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Sleep, Health and SocietyFrom Aetiology to Public Health$
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Francesco P. Cappuccio, Michelle A. Miller, and Steven W. Lockley

Print publication date: 2010

Print ISBN-13: 9780199566594

Published to Oxford Scholarship Online: January 2011

DOI: 10.1093/acprof:oso/9780199566594.001.0001

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Principles of sleep-wake regulation

Principles of sleep-wake regulation

(p.9) Chapter 2 Principles of sleep-wake regulation
Sleep, Health and Society

S.W. Lockley (Contributor Webpage)

Oxford University Press

Given the expanding number of associations emerging between sleep behaviour and health, measurement of sleep will become increasingly important, if not obligatory, in population-based public health research. This chapter provides the epidemiologist with a basic understanding of the physiological principles underlying sleep-wake regulation and how they might be considered when measuring sleep in epidemiological studies. Sleep is an active, rhythmic process with periodicities on multiple time scales, including homeostatic, ultradian, and circadian cycles. Measurement of sleep first of all requires a definition of what sleep is and estimates of sleep behaviour can be captured using a range of different methods. The chapter highlights possible confounding factors that might be considered when interpreting sleep data, and discusses the potential for sleep to affect the accurate measurement of other biomarkers in health research.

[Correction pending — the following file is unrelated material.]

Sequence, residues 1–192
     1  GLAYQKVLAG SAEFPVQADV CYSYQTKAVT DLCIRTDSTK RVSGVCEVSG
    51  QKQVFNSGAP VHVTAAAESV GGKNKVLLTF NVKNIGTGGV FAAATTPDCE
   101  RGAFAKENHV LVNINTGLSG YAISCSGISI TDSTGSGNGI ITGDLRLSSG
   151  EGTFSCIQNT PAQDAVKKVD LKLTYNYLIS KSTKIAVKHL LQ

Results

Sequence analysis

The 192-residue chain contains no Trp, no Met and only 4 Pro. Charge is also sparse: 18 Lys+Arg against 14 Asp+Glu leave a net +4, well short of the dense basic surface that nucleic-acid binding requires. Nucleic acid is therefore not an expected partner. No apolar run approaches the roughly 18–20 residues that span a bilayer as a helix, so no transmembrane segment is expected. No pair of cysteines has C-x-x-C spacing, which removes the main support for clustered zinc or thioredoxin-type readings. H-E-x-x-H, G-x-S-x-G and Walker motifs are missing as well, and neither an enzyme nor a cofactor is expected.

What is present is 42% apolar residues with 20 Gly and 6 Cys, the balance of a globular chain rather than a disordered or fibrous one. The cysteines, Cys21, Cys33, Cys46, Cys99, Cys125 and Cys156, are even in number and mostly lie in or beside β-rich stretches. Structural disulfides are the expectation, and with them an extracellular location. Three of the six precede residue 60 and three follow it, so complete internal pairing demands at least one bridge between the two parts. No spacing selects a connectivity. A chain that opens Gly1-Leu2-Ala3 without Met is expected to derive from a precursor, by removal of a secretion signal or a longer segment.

Keywords:   sleep-wake regulation, diurnal preference, melatonin, circadian rhythm, homeostatic cycle, ultradian cycle

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